GENERAL THOMAS WALDHAUSER: Well, I’ll go first and then I think everyone at the table probably would like to contribute as well. The first thing I would say is when it comes to the violent extremist organizations, one of the things we concentrated at the conference this week was where we have common ground to do such things as share intelligence; to do such things as take on certain networks that have human trafficking, drugs, weapons and the like, where we can share that intelligence.
And so, this is a big part of it. And this is a way to get to a regional approach that ultimately will take on a global effect. Because not only in the AFRICOM AOR, the other U.S. combatant commanders are also looking to try to find where there’s common ground, to get at the defeat of any counterterrorism organization, primarily ISIS of course. But at the same time, how we can work together to do that.
Now, with regard to the second part of the question of African forces becoming dependent on U.S. support, this is something that gets right to the heart of our philosophy of how we work with our African partners. And our job is to try to get African solutions to African problems. And so if you take the Lake Chad Basin, for example or you take Somalia for example, we have forces that train, advise and assist and we accompany on certain occasions. And it’s our job to get those particular armies to take care of the challenges that they face. We’re very cognizant of that.
And so, in sum, part of our overall philosophy when we train with our partners is to make sure that we develop their capacity and develop their capability so that they can take these challenges on, on their own. Because they want to do that on their own. And it’s our job to help them get there and we are very aware of the fact that we do not want to make sure that they have to depend on U.S. support or U.S. backing in order to solve these problems.
It’s a fundamental part of how we work with our African partners. And I would just ask General Adeosun to go ahead and comment if you would like.
GENERAL LAMIDI ADEOSUN: Thank you very much, General. I think you have said it all. The fear that African countries will not develop a permanent dependency on everything, the types support coming from our strategic partners, particularly the U.S. is not necessarily there. Because the support is based on common ground. Where the national or multinational outfits lack some resources and so it is possible from strategic partner, they provide. But largely, all the operations, both national and multinational rely on their own main logistic line of support for all the operations. What comes is an additional and it helps to bolster the performance and activities of all the forces. Thank you very much.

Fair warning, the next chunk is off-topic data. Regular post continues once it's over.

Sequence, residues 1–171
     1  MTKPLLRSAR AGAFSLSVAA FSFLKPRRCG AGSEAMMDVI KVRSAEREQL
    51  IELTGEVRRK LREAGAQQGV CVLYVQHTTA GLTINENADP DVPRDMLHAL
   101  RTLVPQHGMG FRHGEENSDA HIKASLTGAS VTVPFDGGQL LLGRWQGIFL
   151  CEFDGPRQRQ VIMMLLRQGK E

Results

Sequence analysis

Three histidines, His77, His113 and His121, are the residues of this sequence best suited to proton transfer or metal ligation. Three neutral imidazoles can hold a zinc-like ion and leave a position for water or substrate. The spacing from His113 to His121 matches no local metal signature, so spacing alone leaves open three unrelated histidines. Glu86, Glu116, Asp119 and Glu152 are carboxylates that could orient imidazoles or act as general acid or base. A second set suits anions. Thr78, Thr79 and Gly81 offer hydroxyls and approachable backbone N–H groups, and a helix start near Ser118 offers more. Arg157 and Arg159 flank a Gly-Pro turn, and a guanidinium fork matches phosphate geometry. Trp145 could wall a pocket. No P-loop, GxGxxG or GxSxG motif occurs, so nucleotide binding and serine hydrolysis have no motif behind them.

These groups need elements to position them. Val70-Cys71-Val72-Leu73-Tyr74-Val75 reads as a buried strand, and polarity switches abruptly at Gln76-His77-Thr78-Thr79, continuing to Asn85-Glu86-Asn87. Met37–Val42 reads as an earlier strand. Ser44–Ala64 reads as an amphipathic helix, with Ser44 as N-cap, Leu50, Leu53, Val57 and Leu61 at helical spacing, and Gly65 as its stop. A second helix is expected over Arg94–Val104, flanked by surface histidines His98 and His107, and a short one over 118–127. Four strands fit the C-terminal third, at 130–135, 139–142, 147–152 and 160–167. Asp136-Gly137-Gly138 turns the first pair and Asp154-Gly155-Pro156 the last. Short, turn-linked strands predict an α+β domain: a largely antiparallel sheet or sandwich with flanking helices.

AMBASSADOR FRANCISCO MADERIA: Just I was to add. What we are dealing is a terrorist. And a terrorist have no ground, to have no front. So, this is an international. So, we are helping each other to defeat the terrorist. We are, every country, is taking its share so there is no dependency to each other but it is a common synergy to defeat the enemy which we face. That’s what I add.
GENERAL THOMAS WALDHAUSER: Okay, thank you.
MODERATOR: Thank you, very much. Just a quick reminder in the last moment here to our callers to press *1 in order to ask a question. And if we could impose on our guests for one final question, if my computer will cooperate. If I could go to Mr. Chris Stein in Nairobi, Kenya, please.
QUESTION: I am from AFP News Agency here in Nairobi. Question for General Waldhauser. Given the order recently of kind of loosening up regulations on targeting and air strikes in Somalia, as well as the deployment of the 40 ground troops, do you see the U.S. returning to a role like it had in Somalia in the early 90s where there in fact were boots on the grounds in the conflict?
GENERAL THOMAS WALDHAUSER: Thanks for the question. And let me make sure I’m very clear how I characterize this. The ground troops that were sent, as I indicated earlier, these are logisticians, there to work with what we call defense institution building; supply lines, how to account for equipment, how to make sure operations are appropriately supplied and so-forth. These are not ground troops in terms of infantry so to speak. This again, has been a long, scheduled deployment that helps get at the logistical training of the Somalian National Army.
Now, on the second issue, the first one you addressed, I also want to clarify that we have not been given loosened rules for authority to strike. What we have been given is we’ve been given authority to assist AMISOM forces that are on missions where, if they cannot take care of the situation on their own, then we are authorized to assist them there.
We are also authorized to develop targets on our own and take appropriate action if required. Now, one of the things that I want to truly emphasize is the fact that the levels of certainty needed to strike, remain very, very significant. So the requirements for near-certainty and reasonable certainty to make sure that there are no civilians, no women and children and so forth that get struck on the battlefield, we go to great lengths to ensure that that does not happen.
And with all the issue of drought and famine and movement of large numbers of people in Southern Somalia, combined with non-governmental organizations who are there to provide food assistance and the like, we go to great lengths to ensure we have a common operating picture on the battlefield so we know where everybody is. So, if we decide to strike then we know exactly what is on the ground and who, in fact, we are striking.
This certainly is a challenge but again, it goes to the point that we’ve been given a little bit more authority to strike. We believe that this will not only help the Somali National Government with regards to their efforts. And by the way, we do this in conjunction with the Somalian National Government. And it’s unique because this is the first time we have a political architecture that we work with, coordinate with and conduct these strikes in conjunction with the Somalian National Government. And this is a very, very important point.